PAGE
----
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The Inbetweeners Movie pulls in £2.6 million on its first day

Film4’s low-budget sitcom spin-off looks set for a big opening weekend logo
Published: Thursday, 18th August 2011 at 2:35 pm

Jimmy Carr said: “I loved it to the extent that my laugh annoyed people in the cinema.”


Fearne Cotton called it “top notch… laugh out loud stuff.”

Gethin Jones said it was “hilarious! Shock humour all the way!”

And Stuart Baggs declared it “clungetastic…an absolute must see!”

But which new movie release were they describing? Was it Harry Potter and the Deathly Hallows: Part 2? Mr Popper’s Penguins? The Smurfs?

Surprisingly, it was none of the above. These were, in fact, comments tweeted following the premiere of The Inbetweeners Movie (the sort of premiere, incidentally, at which guests are plied not with caviar and blinis, not even with popcorn, but with Spicy Doritos and a can of Tango).

And the high praise for the big-screen spin-off of E4’s cringeworthy comedy looks like being backed up by box office figures.

After just one day of public premieres, the overseas adventures of hapless teens Will, Simon, Neil and Jay have pulled in a whacking £2.58 million.

To put that into perspective, let’s compare it with another notable British film release. Four-times Oscar winner The King’s Speech took just £227,000 from its previews in January, around a quarter of what Inbetweeners has done in one day.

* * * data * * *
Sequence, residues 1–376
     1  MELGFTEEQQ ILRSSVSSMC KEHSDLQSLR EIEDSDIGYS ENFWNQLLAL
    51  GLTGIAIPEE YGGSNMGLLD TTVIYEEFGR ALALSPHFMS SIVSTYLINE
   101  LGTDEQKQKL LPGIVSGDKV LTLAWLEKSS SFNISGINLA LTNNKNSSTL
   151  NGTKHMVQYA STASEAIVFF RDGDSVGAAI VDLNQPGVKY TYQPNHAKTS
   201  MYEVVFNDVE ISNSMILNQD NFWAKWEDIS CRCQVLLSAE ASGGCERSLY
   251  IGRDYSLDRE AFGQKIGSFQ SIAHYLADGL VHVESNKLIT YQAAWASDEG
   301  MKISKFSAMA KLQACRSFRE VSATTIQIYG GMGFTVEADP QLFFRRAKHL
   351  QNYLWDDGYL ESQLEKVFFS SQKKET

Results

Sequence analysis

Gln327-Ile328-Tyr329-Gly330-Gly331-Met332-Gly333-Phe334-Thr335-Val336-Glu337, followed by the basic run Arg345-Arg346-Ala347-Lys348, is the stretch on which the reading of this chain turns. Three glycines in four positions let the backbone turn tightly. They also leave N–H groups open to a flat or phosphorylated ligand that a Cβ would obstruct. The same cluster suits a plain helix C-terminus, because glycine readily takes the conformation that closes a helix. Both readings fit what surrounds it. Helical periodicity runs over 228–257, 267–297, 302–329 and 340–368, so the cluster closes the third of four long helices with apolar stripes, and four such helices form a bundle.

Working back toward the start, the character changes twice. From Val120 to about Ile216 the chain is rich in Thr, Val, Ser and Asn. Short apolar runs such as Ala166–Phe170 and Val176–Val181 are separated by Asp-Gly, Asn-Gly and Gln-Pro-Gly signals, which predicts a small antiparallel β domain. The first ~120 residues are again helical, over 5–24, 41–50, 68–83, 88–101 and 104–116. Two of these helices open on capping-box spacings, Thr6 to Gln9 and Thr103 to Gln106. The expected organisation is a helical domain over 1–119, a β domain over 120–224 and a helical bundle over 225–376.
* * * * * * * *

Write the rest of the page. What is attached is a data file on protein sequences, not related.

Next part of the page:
But how would the bawdy Brit flick fare against the big guns - the American blockbuster?

Pixar’s animated behemoth, Toy Story 3 - received with widespread delight by adults and children alike - racked up one of the UK’s biggest ever preview hauls. Yet the £9.69 million it took during a four-day period last summer averages out at just £2.4 million per day, almost £200,000 less than The Inbetweeners Movie.

Of course, Toy Story 3 cost quite a bit to make - around £122 million, in fact - while Inbetweeners had a budget of just £3.5 million.


So if day one’s takings are anything to go by, this thing is going to be huge - and hugely profitable. A triumph for British cinema - and for the geeks and losers in all of us.


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